by Charles Ramble, Directeur d’études Ã EPHE.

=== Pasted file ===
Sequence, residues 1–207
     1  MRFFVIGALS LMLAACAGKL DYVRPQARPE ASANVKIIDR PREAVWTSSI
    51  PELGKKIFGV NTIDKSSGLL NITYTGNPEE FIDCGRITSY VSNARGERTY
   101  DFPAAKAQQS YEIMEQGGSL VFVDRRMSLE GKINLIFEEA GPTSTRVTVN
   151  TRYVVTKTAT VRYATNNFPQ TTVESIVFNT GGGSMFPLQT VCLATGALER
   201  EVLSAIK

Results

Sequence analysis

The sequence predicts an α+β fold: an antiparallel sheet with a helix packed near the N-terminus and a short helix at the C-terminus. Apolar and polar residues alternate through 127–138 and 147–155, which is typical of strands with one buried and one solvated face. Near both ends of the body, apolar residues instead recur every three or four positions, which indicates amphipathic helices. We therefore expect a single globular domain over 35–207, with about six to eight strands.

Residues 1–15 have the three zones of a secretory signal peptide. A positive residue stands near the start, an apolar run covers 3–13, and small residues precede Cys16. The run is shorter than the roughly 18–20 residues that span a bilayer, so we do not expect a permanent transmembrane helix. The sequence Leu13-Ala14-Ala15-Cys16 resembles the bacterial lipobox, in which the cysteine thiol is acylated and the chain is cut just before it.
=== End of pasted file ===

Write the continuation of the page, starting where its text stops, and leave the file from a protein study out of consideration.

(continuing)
Several Chinese propaganda publications of the 1960s contain photographs of happy Tibetans around bonfires of legal and administrative documents. Although these documents have been symbols of social and economic oppression, they also offered a window on the daily lives and hardships of ordinary villagers – windows that have been effectively closed forever by these acts of immolation. More recently, the immense value of this kind of sources for our knowledge of the social history of Tibetan societies has been demonstrated by the discovery of archival collections in the Himalayan regions on the borders of the Autonomous Region of Tibet. These collections, which belong to temples, private houses and village communities, show a variety of documents such as wills, contracts, legal affairs and even codes of local law. This presentation aims to show that the difficulties in obtaining and deciphering these documents, dating mainly from the period from the 17th to 19th centuries, are abundantly rewarded by the fascinating picture they offer of the life of “people without history”.